REFORMING negative gearing could save the federal government A$1.7 billion without hurting “mum and dad investors”, according to our new modelling, by focusing tax deductions on investors with smaller property portfolios and removing them for richer investors.
Combined with changes to capital gains tax, reforming negative gearing could make the Australian housing market more sustainable and equitable.
Negative gearing allows investors to claim a tax deduction if their rental income is less than their expenses. It cost the federal government A$3.04 billion in 2013-14, according to our calculations.
Our report also confirms that negative gearing and the capital gains tax discount incentivise housing investors to take on debt. This potentially makes the housing market less stable and crowds out first home buyers.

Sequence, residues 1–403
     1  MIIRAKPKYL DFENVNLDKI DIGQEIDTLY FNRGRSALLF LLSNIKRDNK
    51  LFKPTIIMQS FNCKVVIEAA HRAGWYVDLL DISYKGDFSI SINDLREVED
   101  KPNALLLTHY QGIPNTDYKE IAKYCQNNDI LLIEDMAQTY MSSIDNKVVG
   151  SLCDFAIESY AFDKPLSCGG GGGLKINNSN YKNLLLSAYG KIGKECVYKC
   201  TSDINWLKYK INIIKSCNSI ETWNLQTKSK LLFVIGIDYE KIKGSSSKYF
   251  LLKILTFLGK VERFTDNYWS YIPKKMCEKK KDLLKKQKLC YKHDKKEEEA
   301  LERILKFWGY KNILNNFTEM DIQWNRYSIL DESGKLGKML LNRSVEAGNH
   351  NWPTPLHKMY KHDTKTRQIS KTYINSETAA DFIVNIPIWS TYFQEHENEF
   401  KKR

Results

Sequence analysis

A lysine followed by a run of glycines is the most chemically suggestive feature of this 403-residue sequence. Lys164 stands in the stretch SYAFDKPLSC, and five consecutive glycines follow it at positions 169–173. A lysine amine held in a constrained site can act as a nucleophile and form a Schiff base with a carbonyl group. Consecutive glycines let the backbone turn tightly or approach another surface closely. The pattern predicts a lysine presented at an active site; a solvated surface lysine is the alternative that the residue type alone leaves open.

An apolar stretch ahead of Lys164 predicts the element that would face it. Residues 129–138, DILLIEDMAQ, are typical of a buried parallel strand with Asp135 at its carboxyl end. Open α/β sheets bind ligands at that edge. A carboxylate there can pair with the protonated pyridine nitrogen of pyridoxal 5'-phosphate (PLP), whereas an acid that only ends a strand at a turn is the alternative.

According to Treasury modelling, the Labor Party’s plan to limit negative gearing deductions on newly acquired rental housing would put relatively modest downward pressure on house prices. Preliminary research from Melbourne University has found that eliminating negative gearing would result in an increase in home ownership.
But using data on the distribution of property and incomes makes it possible to differentiate between poorer and wealthier investors, allowing the government to target reforms to cushion the blow for investors on lower incomes.